Thompson immediately filed a petition to set aside his conviction, see Ill. Comp. Stat. 5/2-1401, arguing that this newly discovered evidence fatally undermined the credibility of the officers who testified against him. The petition questioned the integrity of Suchocki's police work dating back to 2002. The state prosecutor did not oppose the petition. The State's Attorney's Office had adopted a policy of dismissing any cases in which Suchocki and the other SOS officers implicated in the investigation had made an arrest or played a significant role. Assistant State's Attorney ("ASA") Kurt Smitko appeared in court and did not contest the substance of Thompson's section 1401 petition. ASA Smitko conceded that he could not carry his burden of proof because the officers who testified against Thompson were not credible. In a handwritten order dated December 5, 2006, a Cook County judge vacated Thompson's conviction, dismissed the case, and ordered Thompson released assuming no other holds. On January 9, 2007, the Illinois Supreme Court dismissed as moot its earlier order granting leave to appeal and directed the Illinois Appellate Court to vacate its decision. See People v. Pearson, 892 N.E.2d 993 (Ill. 2007). Thompson was released after serving more than three years in prison.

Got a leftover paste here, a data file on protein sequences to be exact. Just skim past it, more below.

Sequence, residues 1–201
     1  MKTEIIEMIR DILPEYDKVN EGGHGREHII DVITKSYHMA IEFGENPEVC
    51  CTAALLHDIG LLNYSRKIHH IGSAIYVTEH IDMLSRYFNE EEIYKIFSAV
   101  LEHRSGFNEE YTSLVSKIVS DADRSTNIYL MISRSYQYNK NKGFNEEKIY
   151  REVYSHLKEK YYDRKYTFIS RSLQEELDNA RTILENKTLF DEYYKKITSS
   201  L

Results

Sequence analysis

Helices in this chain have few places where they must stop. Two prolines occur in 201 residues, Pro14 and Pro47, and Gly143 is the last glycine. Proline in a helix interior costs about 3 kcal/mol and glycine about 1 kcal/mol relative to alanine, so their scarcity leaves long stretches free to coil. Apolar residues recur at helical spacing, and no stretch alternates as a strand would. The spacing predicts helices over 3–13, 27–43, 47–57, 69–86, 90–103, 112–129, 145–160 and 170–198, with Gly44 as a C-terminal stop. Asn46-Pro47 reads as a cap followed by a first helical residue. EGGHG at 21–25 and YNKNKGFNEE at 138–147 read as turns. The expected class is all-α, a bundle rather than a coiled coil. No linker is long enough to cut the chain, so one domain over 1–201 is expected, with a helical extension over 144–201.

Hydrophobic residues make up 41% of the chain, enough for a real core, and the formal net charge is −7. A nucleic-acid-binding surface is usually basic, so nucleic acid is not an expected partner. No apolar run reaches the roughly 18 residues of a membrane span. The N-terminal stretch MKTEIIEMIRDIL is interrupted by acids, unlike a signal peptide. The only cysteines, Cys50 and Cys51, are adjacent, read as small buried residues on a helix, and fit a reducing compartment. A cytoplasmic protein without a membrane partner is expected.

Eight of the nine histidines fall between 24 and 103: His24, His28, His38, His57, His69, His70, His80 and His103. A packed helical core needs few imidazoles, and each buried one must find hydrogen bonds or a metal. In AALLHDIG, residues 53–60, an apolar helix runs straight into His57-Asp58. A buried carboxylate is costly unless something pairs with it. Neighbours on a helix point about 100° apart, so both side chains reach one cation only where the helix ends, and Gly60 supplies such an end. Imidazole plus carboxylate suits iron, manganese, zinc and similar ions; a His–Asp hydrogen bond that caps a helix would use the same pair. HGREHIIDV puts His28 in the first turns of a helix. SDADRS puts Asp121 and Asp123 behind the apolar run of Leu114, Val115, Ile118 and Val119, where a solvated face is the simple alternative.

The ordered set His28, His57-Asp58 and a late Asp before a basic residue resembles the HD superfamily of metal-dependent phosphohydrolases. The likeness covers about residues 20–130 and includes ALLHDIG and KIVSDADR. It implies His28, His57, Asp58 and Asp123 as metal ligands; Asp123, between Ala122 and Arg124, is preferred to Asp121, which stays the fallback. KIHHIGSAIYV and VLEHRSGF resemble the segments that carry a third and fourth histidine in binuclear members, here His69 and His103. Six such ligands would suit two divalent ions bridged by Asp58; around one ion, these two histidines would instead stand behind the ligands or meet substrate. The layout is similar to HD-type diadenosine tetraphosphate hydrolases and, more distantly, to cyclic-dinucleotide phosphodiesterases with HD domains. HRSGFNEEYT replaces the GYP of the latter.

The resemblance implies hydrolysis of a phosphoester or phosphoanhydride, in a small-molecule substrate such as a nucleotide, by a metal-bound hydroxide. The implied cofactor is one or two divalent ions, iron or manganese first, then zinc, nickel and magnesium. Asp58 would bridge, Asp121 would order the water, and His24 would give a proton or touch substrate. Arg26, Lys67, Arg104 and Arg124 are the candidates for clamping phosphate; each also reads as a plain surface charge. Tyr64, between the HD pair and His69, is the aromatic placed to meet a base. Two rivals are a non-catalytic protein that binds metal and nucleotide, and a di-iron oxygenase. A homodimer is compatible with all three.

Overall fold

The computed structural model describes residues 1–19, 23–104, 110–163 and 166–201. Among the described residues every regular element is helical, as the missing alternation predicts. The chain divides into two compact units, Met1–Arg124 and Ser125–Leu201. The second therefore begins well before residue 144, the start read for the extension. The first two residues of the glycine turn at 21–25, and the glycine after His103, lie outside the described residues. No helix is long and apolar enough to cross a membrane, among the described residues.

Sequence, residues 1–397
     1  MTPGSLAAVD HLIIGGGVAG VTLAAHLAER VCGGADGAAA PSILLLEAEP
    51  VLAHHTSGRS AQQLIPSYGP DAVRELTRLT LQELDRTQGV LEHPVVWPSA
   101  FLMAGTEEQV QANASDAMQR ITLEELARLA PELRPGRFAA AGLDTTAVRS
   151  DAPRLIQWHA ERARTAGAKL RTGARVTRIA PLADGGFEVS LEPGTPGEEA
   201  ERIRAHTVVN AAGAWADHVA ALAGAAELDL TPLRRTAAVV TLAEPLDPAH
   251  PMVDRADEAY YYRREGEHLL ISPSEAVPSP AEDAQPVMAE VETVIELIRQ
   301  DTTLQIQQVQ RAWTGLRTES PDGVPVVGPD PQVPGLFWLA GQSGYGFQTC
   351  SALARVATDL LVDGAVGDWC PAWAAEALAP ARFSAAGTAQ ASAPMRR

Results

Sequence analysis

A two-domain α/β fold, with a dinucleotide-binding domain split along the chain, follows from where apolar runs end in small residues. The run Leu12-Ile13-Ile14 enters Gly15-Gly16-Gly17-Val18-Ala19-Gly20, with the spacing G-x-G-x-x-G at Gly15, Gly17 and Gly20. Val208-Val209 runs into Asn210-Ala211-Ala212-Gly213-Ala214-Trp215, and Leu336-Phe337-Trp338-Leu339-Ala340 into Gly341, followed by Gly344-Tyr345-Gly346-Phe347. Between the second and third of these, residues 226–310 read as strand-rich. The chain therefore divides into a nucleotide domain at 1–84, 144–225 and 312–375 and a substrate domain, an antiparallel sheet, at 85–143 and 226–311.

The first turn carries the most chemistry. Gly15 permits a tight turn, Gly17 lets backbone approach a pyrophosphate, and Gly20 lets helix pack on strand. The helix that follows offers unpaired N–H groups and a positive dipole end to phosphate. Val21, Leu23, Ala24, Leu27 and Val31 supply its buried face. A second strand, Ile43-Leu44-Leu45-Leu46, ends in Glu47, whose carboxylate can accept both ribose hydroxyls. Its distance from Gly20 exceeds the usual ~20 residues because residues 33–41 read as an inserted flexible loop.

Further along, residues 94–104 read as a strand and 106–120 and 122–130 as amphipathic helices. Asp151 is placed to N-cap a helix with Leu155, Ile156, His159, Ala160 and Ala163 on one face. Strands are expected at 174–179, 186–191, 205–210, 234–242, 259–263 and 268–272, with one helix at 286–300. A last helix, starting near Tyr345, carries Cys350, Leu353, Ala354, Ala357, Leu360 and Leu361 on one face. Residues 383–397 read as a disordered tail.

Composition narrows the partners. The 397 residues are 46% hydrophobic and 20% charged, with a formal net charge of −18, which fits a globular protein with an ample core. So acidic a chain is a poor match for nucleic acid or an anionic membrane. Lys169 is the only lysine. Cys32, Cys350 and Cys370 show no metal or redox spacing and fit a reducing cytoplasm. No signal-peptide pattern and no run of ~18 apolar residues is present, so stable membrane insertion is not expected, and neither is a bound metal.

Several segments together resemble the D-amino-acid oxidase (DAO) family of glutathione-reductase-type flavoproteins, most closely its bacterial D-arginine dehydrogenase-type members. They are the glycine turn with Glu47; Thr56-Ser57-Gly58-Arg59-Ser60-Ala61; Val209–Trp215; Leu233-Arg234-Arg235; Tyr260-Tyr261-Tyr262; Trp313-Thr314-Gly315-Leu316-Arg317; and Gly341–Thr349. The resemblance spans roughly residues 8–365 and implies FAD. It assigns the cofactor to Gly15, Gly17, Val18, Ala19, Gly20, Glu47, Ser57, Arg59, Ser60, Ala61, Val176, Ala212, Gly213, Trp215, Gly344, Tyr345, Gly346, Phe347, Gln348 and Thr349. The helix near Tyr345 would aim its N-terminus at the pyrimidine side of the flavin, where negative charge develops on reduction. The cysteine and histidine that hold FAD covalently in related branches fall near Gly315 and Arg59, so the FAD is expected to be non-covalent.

Thompson then brought this suit under 42 U.S.C. § 1983 against the City of Chicago and Officers Suchocki, McDermott, and Burzinski. The initial complaint alleged a series of due-process claims based on Brady, including failure to disclose impeachment evidence in violation of the basic Brady duty, conspiracy to violate Brady, and failure to intervene to prevent an ongoing Brady violation. He also alleged an equal-protection violation, a RICO claim, a Monell claim against the City, and state-law claims for false imprisonment, false arrest, intentional infliction of emotional distress, and malicious prosecution. Before trial the City stipulated to the entry of judgment against it if the jury found any of the officers liable on any of the constitutional claims, removing the Monell issue from the scope of the trial. Pretrial proceedings narrowed the case even further, leaving the following four claims for trial: the alleged Brady violation, the Brady conspiracy claim, the Brady failure-to-intervene claim, and the malicious-prosecution claim. The three claims based on Brady were premised on the same basic factual allegation that the officers had deliberately withheld and conspired to conceal critical impeachment evidence of a pattern or practice of abuse of power by officers within the SOS. Thompson sought to prove the pattern of police misconduct through his own testimony, the testimony of implicated SOS officers, and the testimony of other citizen witnesses who were victims of malfeasance by SOS officers during the relevant time period.